Major themes discussed at BlogWell were the structure of social media initiatives within large, often heavily regulated industries, ways these firms are using innovative social campaigns to engage with their audiences, and the legal and ethical challenges they’re facing. Overall, it was refreshing to get a peek behind the curtains to see these corporate juggernauts taking well thought out, pragmatic, and innovative paths to successful social solutions. I’ve compiled notes from several of the sessions I attended.

Pfizer’s Social Media Playbook

Kate Bird, Digital Communications Professional for Pfizer, presented her company’s social media playbook, which she billed as “practical guidance for colleagues”.

The playbook boils down aspects of Pfizer’s official social media policy into a 20-30 page “umbrella” document that covers each of the major channels and provides guidance on how employees should engage in these channels, both professionally and personally.

It contains a resource repository that links to existing policies and training materials, official Pfizer social media channels, best practice documents, and illustrates how employees can get started. The playbook is evolving into an interactive digital tool encompassing wikis, videos, and collaborative spaces.

Kate also shared how Pfizer offers corporate-wide webinars and training on social media to all interested employees across different parts of the organization. All training is managed and conducted by employees.

Within the broader scope of social media, Pfizer expects to create a rich catalog of social properties, communities, and initiatives, with the goal of connecting the people who need to be connected to each other. They also hope to reduce agency costs by eliminating duplicate and redundant social media outlets with the organization. In addition, they want to offer their employees a deeper understanding of core social media principles. Finally, Pfizer seeks to have a more relevant and connected social footprint.

Keeping Bloggers Honest with Disclosures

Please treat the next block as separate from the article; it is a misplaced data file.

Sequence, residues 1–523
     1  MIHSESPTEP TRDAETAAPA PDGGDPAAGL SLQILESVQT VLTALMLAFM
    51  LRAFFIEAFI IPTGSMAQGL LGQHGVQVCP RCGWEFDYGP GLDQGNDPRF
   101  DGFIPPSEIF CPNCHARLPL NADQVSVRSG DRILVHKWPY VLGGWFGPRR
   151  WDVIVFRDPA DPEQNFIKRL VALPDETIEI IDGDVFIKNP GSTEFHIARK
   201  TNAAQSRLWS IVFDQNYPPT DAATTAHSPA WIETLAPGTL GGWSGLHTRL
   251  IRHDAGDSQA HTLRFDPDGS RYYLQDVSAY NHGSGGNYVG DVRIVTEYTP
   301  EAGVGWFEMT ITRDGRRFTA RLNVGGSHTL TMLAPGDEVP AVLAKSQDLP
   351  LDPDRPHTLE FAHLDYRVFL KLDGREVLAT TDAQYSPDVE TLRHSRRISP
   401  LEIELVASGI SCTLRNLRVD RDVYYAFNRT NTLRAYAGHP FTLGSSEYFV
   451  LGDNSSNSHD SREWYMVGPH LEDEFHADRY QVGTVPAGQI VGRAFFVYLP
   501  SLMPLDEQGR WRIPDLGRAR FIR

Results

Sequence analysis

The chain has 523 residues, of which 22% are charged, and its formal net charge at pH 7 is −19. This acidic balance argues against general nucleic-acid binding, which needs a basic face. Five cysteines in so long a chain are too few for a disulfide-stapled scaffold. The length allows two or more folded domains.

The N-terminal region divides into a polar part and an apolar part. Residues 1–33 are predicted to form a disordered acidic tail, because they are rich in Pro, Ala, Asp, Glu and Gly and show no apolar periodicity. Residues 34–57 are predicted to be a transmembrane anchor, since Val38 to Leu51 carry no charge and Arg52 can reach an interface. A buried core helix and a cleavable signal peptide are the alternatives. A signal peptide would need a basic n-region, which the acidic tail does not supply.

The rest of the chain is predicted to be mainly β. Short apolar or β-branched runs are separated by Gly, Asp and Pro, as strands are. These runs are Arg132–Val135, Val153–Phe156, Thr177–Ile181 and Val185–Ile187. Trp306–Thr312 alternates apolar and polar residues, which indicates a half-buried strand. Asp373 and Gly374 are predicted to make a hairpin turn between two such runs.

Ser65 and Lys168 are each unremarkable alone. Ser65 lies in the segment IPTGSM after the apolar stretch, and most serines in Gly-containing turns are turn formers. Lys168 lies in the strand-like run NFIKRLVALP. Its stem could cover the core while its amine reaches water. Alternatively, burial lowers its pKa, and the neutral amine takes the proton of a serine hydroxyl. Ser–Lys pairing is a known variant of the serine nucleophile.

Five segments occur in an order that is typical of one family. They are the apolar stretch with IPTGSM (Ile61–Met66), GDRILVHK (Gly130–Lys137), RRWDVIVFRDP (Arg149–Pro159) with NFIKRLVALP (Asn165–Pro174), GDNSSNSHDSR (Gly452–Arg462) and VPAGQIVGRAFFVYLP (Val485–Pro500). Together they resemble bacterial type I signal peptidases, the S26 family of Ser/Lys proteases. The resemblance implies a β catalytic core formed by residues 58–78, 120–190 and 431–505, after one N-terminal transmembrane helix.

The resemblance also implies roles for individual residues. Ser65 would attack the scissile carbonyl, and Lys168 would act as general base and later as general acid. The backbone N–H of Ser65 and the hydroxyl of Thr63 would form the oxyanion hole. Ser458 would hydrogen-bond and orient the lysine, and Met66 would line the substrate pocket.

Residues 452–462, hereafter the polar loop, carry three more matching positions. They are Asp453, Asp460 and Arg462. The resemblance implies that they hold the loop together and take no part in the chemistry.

Andy Sernovitz led the middle-of-the-afternoon main session on ethics and disclosure. His points were succinct and direct: it’s OK to have a commercially-minded social media program, so long as it’s clear. Disclosure increases the authenticity of your message, making you more credible and powerful.

The Federal Trade Commission requires disclosure and truthfulness in all social media outreach. It’s your responsibility to monitor the conversation around your brand or business and correct misstatements. Andy stated that it’s essential to have social media policies and training programs. He also cautioned that while bloggers are not your employees, you need to make a good faith effort to make certain they disclose. If the blogger or agency you hire is found to be unethical, the FTC will find you responsible.

Andy’s advice for handling bloggers is simple: never pay bloggers and insist on real disclosure. Paying bloggers changes the game from word-of-mouth to advertising, and readers will learn to distrust you. As for disclosure, make sure the bloggers are up front and clear with their statements, not burying them on their “About Me” page.

The “10 magic words” in disclosure are: “I work for X, and this is my personal opinion.” Disclosure statements need to clearly show who the blogger is, whether they were paid, and whether they’re offering an honest opinion based on a real experience. It’s then up to the reader to decide what the disclosure means to them.

The Social Media Business Council has a Disclosure Best Practices Toolkit that’s available for anyone download and use as a basis for their own social media efforts.

Coordinated Social Communications at Johnson & Johnson

Marc Monseau, of Corporate Communications at Johnson & Johnson, talked about how his corporation is taking advantage of the opportunities in social media, creating relationships, and learning more about their audience and how to best support them.

Starting first with a blog describing the history the company, Johnson & Johnson’s social media footprint has expanded over the past four years to include a corporate blog, YouTube channel, Facebook page, and four Twitter accounts. Each channel allows them to connect with key online stakeholders talking about health care and offer their own thoughts on health care topics.

Both their corporate blog and YouTube channel have healthy discussions. Marc described how they’ve become pathways into Johnson & Johnson for users to provide feedback on the topics presented and as a way to generate community discussions.

Marc explained how each of their channels operates in concert with each other. His staff has regular editorial meetings to discuss how to best engage their audiences. They then select the appropriate channel based on the nature of the message and where their audience is located, and decide which bloggers and influencers to interact with. By being open, responsive, and timely, Johnson & Johnson has been able to turn the tide in online conversations.

Johnson & Johnson has separate social media policies for their employees, based on whether the activities are external or integral to the organization. These policies give departments pathways to create their own initiatives.

Marc advised that, before you begin any foray into social media, you need to understand where conversations about you are taking place, who is saying them, and why. You must understand the dynamics of these discussions and your role in them. He recommended a consistent approach and behavior across all touch points, both in official publications and third-party websites; this is especially critical for heavily regulated industries.